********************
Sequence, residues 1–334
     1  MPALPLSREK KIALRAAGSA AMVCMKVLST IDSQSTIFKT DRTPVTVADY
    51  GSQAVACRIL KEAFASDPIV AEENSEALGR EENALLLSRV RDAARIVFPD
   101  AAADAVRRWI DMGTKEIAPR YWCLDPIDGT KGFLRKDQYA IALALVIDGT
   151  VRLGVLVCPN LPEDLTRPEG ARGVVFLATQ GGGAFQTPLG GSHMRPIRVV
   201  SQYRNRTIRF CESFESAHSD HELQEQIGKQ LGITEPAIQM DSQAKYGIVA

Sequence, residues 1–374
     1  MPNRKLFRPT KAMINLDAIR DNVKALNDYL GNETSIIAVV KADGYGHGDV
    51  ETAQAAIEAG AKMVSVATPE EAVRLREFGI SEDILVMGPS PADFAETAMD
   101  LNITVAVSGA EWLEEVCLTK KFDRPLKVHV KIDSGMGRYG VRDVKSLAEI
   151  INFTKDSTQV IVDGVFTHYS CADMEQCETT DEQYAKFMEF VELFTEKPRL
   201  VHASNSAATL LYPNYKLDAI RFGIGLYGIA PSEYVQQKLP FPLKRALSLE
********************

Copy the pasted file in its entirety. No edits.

Sequence, residues 1–334
     1  MPALPLSREK KIALRAAGSA AMVCMKVLST IDSQSTIFKT DRTPVTVADY
    51  GSQAVACRIL KEAFASDPIV AEENSEALGR EENALLLSRV RDAARIVFPD
   101  AAADAVRRWI DMGTKEIAPR YWCLDPIDGT KGFLRKDQYA IALALVIDGT
   151  VRLGVLVCPN LPEDLTRPEG ARGVVFLATQ GGGAFQTPLG GSHMRPIRVV
   201  SQYRNRTIRF CESFESAHSD HELQEQIGKQ LGITEPAIQM DSQAKYGIVA

Sequence, residues 1–374
     1  MPNRKLFRPT KAMINLDAIR DNVKALNDYL GNETSIIAVV KADGYGHGDV
    51  ETAQAAIEAG AKMVSVATPE EAVRLREFGI SEDILVMGPS PADFAETAMD
   101  LNITVAVSGA EWLEEVCLTK KFDRPLKVHV KIDSGMGRYG VRDVKSLAEI
   151  INFTKDSTQV IVDGVFTHYS CADMEQCETT DEQYAKFMEF VELFTEKPRL
   201  VHASNSAATL LYPNYKLDAI RFGIGLYGIA PSEYVQQKLP FPLKRALSLE